I opened my email last Friday morning to find this e-mail from Anne Martinez (the principal behind the fabulous GoCertify.com IT certification Website and nonpareil resource) in response to my recent blog at EdTittel.com entitled “Growing and Returning Interest in IT Certification:”
I just took a peek at your edtittel.com site and read your latest blog post, and I have to say I am right there with you. I think IT certification is ripe for a comeback. In fact I approached several certification program managers about that a few months ago (my 2011 certification vendor initiative), got extremely positive feedback, followed by no movement. I think the politics are stifling things substantially. Plus, people are just overworked like crazy and the big picture is getting lost in that.
You know I have always believed in the value of IT certification, and I still do. Recently I am hot on the trail of some fresh ideas and projects and doing whatever I can to bust IT certification back into common vision again and earn some $ in the process while helping people succeed with IT careers. Of course I am overworked and understaffed like everyone else, but anyway, I just want to share with you that I agree with your sentiment as you expressed in that 8/7 posting.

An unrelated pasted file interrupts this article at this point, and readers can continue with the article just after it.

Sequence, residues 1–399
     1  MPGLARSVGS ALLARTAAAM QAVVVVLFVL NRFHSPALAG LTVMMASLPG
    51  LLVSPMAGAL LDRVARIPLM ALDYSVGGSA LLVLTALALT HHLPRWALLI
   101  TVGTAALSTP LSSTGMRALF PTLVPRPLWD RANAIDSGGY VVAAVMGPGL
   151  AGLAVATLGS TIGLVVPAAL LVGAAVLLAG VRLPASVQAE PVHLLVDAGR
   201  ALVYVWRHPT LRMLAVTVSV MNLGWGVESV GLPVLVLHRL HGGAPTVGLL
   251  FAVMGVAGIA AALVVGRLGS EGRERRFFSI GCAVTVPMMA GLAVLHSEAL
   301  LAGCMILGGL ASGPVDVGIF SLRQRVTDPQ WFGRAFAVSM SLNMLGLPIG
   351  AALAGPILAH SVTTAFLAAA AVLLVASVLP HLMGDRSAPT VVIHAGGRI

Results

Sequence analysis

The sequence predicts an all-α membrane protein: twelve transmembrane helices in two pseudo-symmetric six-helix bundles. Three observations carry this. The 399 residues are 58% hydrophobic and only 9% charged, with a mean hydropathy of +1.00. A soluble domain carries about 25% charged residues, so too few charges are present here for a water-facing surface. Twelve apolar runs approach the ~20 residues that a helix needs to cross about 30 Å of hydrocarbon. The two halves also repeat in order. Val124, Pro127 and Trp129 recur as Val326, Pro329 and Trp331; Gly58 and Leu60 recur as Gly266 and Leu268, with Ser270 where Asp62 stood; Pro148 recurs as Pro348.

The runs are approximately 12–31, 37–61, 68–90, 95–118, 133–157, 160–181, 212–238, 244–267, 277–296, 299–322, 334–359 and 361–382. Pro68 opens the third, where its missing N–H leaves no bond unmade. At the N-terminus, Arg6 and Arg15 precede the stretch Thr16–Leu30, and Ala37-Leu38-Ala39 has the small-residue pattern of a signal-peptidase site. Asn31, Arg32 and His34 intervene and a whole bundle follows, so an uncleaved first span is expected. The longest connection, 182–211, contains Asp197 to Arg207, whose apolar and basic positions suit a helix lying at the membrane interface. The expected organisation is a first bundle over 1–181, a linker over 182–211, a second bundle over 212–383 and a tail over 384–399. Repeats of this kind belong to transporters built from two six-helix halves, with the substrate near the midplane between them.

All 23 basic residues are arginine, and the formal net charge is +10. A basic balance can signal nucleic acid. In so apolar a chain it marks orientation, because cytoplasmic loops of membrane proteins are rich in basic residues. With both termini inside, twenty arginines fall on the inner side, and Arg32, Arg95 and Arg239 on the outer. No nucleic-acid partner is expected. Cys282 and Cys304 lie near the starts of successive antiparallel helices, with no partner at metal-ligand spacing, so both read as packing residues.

To me this moment can be a turning point for IT certification – or it can be a missed opportunity. Which do you think it will be?
Martinez makes some good points in her e-mail (reproduced with her permission, in exchange for an answer that you will find posted on her Website in the near future). For one thing, I’m glad to hear my own personal experience that things are picking up in the Certification Game vindicated from somebody else who’s even more plugged into that world than I am. For another, I share her trepidation that this could possibly be a cusp when certification could take a bounce going further, but I also recognize the possibility that things might subside into somnolescence once again, with no genuine bounce in the offing. And alas, in the wake of the recent market shenanigans and the S&P downgrade of US Government credit after a less-than-stellar political process to stave off default, her remarks about politics getting in the way are too true to be good.
I’m inclined to be optimistic and to see things brightening up. I’ve seen evidence from CompTIA, Cisco, Microsoft, and even VMware that new certifications keep popping up, while old familiar programs keep getting spiffed up and polished to keep pace with current tools and technologies. Let’s hope the publishers, practice test vendors, and other elements of the aftermarket will soon feel this swell of activity and confidence, and that IT will once again start to rise. It’s sometime to wish upon a star for, anyway…